The first is that the member will supply some of their own code with the transaction. Among the things that code will do is tell the DAO code how to transfer Ethereum coin. It’s a necessary feature, part of Bitcoin as well.

The second issue is that Ethereum code is recursive . That means when a function is running, it may call itself a second time.

The bug is that while splitDAO() will call the recipients code to transfer Ethereum coin, after which the recipients code will call splitDAO() before returning. This causes the process to repeat itself, transferring more Ethereum coin, then calling splitDAO() again. The process will continue endlessly, until it drains all of TheDAO’s coin.

When you  split like this, they still force you to wait 27 days before you get your Etherium coin. Thus, the hacker doesn’t actually have use of it for another month.

How can they  recover the stolen money?

They can’t — at least not without destroying the entire principle of cryptocurrancies. It’s like trying to cure cancer with a Howitzer.

One solution is to roll-back the blockchain before the theft. Of course, that means screwing over everybody who made a transaction since then. You’d be screwing people out of $1 million in order to compensate the theft of $100 million. This is, of course, the type of corrupt thinking that gets us into banking failures in the real world, as we screw over everyone else in order to protect those banks who are too big to fail.

Another solution is to update the Ethereum code to blacklist this address, or better yet, insert a magic key that will give control over those funds back to TheDAO.

The problem with changing the code is that it forks the blockchain. Transactions are added to the chain by miners — a decentralized group of people. It can include you, if you want to run mining software on your computer. Those miners who update their code to the change will be working off a different blockchain than those who don’t. The blockchain will repair itself if 51% of the miners update to the latest code (a soft-fork ), but it’ll be hopeless broken if they don’t (a hard-fork of two irreconcilable chains).

What does this all mean?

I’m a crypto-anarchist. The entire point of cryptocurrencies to get around corrupt humans. And that’s what trying to repair this problem is — corruption. It’s tacit acknowledgement that TheDAO deserves special treatment that would not be given to smaller makers of contracts that have similar recursion bugs. It’s a profound betrayal of trust that those maintaining the code would even consider helping TheDAO.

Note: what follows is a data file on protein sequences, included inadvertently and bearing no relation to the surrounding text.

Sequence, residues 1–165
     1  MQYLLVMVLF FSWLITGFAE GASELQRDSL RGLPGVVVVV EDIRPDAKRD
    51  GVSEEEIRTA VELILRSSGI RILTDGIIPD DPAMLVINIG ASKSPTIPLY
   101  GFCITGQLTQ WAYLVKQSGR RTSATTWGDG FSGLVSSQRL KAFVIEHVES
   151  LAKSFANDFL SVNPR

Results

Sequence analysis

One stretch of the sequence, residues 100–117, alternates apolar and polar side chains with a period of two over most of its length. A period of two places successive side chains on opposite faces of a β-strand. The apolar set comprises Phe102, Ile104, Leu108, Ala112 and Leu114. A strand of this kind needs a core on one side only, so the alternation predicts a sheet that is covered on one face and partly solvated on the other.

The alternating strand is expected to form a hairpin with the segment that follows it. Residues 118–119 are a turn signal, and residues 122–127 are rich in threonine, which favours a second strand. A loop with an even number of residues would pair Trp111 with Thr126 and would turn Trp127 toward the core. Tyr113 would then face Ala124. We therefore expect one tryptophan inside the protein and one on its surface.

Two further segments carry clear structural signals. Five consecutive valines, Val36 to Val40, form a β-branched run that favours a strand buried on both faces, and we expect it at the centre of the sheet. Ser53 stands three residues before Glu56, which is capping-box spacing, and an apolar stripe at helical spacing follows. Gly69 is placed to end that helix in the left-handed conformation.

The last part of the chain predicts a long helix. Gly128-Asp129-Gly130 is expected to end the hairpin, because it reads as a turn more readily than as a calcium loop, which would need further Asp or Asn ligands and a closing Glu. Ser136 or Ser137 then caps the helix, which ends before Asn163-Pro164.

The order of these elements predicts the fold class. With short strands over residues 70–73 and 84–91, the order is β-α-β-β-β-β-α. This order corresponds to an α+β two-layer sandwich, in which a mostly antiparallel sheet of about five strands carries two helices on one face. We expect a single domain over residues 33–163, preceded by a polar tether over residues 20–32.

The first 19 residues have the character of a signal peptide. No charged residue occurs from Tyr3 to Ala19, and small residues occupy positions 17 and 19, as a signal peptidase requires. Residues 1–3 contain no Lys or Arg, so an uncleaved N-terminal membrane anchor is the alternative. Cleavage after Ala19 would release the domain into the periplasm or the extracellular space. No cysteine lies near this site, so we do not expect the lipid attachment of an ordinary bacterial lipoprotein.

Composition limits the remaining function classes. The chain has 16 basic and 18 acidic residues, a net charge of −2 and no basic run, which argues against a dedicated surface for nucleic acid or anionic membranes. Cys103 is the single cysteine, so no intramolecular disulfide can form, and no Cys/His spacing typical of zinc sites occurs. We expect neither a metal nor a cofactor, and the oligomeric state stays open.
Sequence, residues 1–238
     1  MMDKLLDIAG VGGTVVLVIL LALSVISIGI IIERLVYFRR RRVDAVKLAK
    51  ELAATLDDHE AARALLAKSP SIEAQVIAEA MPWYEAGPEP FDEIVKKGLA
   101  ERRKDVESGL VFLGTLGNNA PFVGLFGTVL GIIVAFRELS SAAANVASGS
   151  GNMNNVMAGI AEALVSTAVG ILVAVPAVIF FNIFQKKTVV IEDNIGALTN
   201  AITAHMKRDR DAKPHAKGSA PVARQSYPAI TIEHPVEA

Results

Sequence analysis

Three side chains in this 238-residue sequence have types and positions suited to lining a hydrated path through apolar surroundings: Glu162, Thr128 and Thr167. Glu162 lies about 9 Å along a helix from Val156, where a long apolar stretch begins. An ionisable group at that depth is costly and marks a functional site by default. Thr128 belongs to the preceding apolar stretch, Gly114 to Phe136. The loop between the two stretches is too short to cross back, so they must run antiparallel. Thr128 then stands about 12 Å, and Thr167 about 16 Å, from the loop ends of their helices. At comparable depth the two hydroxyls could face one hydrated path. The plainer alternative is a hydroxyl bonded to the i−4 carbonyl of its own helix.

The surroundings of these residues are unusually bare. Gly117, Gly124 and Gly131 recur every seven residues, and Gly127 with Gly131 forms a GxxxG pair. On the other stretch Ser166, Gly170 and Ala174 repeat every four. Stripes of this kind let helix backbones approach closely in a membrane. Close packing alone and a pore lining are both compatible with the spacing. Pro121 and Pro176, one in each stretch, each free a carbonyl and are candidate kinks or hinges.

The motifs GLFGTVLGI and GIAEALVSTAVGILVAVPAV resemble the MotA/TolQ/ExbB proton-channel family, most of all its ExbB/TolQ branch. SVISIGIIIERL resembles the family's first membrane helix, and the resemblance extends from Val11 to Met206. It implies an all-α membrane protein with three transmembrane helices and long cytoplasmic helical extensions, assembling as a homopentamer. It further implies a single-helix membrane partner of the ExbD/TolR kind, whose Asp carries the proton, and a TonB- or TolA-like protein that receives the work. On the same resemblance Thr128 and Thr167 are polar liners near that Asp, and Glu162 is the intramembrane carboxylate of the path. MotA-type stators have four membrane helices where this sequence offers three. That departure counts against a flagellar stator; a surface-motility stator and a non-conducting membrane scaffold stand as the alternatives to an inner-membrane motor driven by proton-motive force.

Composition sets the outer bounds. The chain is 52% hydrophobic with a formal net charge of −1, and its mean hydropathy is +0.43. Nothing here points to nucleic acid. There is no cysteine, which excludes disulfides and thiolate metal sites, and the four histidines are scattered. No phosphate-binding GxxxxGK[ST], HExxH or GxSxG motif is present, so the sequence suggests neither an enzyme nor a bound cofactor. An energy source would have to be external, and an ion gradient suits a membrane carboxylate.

Obviously, the complexity of Ethereum is a huge security issue that will likely be repeatedly exploited in the future. This "recursion" issue demands that everybody writing contracts needs to write code extraordinarily carefully. In hindsight, it’s obvious that recursion shouldn’t have been an allowed feature, but it likely can’t be fixed now without a hard-fork . Also, in the future, we’ll likely see additional problems as dangerous as the recursion issue.

The fascinating thing now is that in the past, people hired lawyers to review complicated contracts. In the future, they’ll need to hire hackers. After a contract is signed, I’m now motivated to hire a very good hacker that will keep reading the code until they can find some hack to my advantage.

In any case, the original concept of TheDOA is useless utopian nonsense. The original Bitcoin was created by people who actually understood a lot about currency. TheDAO was created by people who are hopelessly naive about investing, who then put it in the hands of trained monkeys. This wasn’t "wisdom of the crowds", as they proposed, but "ignorance of the mob". If the hacker hadn’t put a stop to this nonsense, it would have slid into some sort of Ponzi scheme, getting its creators arrested a couple years from now.